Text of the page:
Today we are going to look at Southern Copper Corporation (NYSE:SCCO) to see whether it might be an attractive investment prospect. Specifically, we’ll consider its Return On Capital Employed (ROCE), since that will give us an insight into how efficiently the business can generate profits from the capital it requires.
First up, we’ll look at what ROCE is and how we calculate it. Second, we’ll look at its ROCE compared to similar companies. Finally, we’ll look at how its current liabilities affect its ROCE.
What is Return On Capital Employed (ROCE)?
ROCE is a metric for evaluating how much pre-tax income (in percentage terms) a company earns on the capital invested in its business. In general, businesses with a higher ROCE are usually better quality. Overall, it is a valuable metric that has its flaws. Renowned investment researcher Michael Mauboussin has suggested that a high ROCE can indicate that ‘one dollar invested in the company generates value of more than one dollar’.
So, How Do We Calculate ROCE?
Analysts use this formula to calculate return on capital employed:
Return on Capital Employed = Earnings Before Interest and Tax (EBIT) ÷ (Total Assets – Current Liabilities)
Or for Southern Copper:
0.24 = US$2.6b ÷ (US$14b – US$1.2b) (Based on the trailing twelve months to September 2018.)
Therefore, Southern Copper has an ROCE of 24%.
Does Southern Copper Have A Good ROCE?
One way to assess ROCE is to compare similar companies. Southern Copper’s ROCE appears to be substantially greater than the 10% average in the Metals and Mining industry. We would consider this a positive, as it suggests it is using capital more effectively than other similar companies. Putting aside its position relative to its industry for now, in absolute terms, Southern Copper’s ROCE is currently very good.
As we can see, Southern Copper currently has an ROCE of 24% compared to its ROCE 3 years ago, which was 15%. This makes us think the business might be improving.
When considering ROCE, bear in mind that it reflects the past and does not necessarily predict the future. ROCE can be deceptive for cyclical businesses, as returns can look incredible in boom times, and terribly low in downturns. ROCE is, after all, simply a snap shot of a single year. We note Southern Copper could be considered a cyclical business. What happens in the future is pretty important for investors, so we have prepared a free report on analyst forecasts for Southern Copper.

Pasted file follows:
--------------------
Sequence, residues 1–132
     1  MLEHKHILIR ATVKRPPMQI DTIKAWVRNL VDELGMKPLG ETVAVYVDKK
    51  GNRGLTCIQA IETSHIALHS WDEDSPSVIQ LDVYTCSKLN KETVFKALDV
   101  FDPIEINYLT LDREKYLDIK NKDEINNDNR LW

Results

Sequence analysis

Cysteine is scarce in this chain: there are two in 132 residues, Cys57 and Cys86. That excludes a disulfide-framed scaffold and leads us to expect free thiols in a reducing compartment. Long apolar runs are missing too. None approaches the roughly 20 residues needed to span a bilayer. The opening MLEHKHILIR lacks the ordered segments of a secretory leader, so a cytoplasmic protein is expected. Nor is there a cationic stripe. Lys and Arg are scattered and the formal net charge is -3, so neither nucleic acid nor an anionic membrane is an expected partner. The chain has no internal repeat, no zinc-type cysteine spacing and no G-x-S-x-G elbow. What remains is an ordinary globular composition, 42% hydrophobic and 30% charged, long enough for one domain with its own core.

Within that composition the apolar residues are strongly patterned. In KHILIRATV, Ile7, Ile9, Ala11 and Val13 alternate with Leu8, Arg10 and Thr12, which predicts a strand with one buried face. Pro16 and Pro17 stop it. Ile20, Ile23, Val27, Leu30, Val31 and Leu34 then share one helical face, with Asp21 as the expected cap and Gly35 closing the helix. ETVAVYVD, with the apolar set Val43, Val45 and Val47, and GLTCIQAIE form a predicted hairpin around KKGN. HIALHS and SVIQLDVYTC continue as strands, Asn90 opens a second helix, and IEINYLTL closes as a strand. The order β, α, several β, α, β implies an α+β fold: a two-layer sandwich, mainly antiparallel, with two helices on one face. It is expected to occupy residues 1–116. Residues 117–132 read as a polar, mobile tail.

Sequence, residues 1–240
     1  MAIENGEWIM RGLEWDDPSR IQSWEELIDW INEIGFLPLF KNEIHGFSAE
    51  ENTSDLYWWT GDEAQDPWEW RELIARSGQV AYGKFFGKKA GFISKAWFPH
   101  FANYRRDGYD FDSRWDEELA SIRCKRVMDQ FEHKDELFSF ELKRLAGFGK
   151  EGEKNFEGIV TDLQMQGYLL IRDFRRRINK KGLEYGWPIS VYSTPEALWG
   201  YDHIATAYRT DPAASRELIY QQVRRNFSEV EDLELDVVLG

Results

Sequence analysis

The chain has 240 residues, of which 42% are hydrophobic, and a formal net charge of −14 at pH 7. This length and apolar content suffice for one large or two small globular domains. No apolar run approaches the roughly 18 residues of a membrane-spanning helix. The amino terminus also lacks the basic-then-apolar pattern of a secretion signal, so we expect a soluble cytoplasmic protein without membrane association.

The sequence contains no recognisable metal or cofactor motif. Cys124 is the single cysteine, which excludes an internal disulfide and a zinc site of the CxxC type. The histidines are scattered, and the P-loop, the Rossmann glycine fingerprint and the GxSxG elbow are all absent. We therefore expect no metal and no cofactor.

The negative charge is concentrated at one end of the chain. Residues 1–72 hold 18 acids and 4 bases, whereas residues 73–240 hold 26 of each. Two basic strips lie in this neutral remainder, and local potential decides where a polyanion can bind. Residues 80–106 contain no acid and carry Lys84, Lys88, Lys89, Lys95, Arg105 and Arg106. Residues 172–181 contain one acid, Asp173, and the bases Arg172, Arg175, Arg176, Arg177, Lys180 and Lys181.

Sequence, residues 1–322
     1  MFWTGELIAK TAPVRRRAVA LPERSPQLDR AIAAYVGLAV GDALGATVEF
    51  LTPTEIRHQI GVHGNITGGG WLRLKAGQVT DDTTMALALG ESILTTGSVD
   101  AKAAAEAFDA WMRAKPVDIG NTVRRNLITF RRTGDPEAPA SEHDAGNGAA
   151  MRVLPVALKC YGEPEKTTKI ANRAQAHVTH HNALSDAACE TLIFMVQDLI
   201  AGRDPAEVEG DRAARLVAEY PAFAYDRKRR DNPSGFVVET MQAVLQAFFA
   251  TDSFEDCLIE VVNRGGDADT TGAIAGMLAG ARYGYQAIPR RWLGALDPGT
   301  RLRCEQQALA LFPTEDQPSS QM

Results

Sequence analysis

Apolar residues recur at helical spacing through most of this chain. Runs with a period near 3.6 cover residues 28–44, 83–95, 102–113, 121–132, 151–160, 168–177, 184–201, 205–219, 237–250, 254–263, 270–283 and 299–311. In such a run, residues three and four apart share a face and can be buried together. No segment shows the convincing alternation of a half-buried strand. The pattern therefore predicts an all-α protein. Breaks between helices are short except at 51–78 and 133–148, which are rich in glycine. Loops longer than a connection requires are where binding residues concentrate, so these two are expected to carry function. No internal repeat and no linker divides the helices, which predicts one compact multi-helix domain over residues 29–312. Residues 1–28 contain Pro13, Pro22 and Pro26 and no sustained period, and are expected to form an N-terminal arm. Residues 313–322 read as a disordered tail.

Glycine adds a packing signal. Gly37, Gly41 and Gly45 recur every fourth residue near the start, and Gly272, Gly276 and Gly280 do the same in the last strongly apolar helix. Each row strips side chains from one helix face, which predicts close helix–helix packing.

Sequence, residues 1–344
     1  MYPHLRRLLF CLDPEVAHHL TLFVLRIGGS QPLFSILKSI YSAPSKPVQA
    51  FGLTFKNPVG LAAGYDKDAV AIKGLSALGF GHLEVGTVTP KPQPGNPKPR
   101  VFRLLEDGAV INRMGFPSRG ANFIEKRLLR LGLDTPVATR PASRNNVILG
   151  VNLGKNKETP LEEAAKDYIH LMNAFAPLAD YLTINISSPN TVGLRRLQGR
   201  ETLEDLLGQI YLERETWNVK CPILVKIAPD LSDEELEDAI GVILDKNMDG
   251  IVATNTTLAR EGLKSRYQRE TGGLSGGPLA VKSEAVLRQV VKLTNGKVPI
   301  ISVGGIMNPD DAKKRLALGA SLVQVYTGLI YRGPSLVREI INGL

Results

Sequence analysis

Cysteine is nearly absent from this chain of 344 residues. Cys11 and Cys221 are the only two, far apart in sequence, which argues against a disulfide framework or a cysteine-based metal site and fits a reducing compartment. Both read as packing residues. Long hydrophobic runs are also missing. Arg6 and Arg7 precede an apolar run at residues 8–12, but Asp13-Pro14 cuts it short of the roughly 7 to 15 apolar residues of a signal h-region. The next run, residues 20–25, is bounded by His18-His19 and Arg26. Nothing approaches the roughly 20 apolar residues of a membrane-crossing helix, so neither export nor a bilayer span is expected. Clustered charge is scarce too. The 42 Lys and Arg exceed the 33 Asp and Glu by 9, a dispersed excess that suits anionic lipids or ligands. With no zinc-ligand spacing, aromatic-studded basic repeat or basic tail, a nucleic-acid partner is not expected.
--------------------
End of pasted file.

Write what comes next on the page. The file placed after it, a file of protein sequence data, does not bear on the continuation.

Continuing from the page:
What Are Current Liabilities, And How Do They Affect Southern Copper’s ROCE?
Current liabilities are short term bills and invoices that need to be paid in 12 months or less. Due to the way ROCE is calculated, a high level of current liabilities makes a company look as though it has less capital employed, and thus can (sometimes unfairly) boost the ROCE. To check the impact of this, we calculate if a company has high current liabilities relative to its total assets.
Southern Copper has total assets of US$14b and current liabilities of US$1.2b. As a result, its current liabilities are equal to approximately 8.4% of its total assets. Minimal current liabilities are not distorting Southern Copper’s impressive ROCE.
The Bottom Line On Southern Copper’s ROCE
This is an attractive combination and suggests the company could have potential. You might be able to find a better buy than Southern Copper. If you want a selection of possible winners, check out this free list of interesting companies that trade on a P/E below 20 (but have proven they can grow earnings).
If you like to buy stocks alongside management, then you might just love this free list of companies. (Hint: insiders have been buying them).
To help readers see past the short term volatility of the financial market, we aim to bring you a long-term focused research analysis purely driven by fundamental data. Note that our analysis does not factor in the latest price-sensitive company announcements.
The author is an independent contributor and at the time of publication had no position in the stocks mentioned. For errors that warrant correction please contact the editor at firstname.lastname@example.org.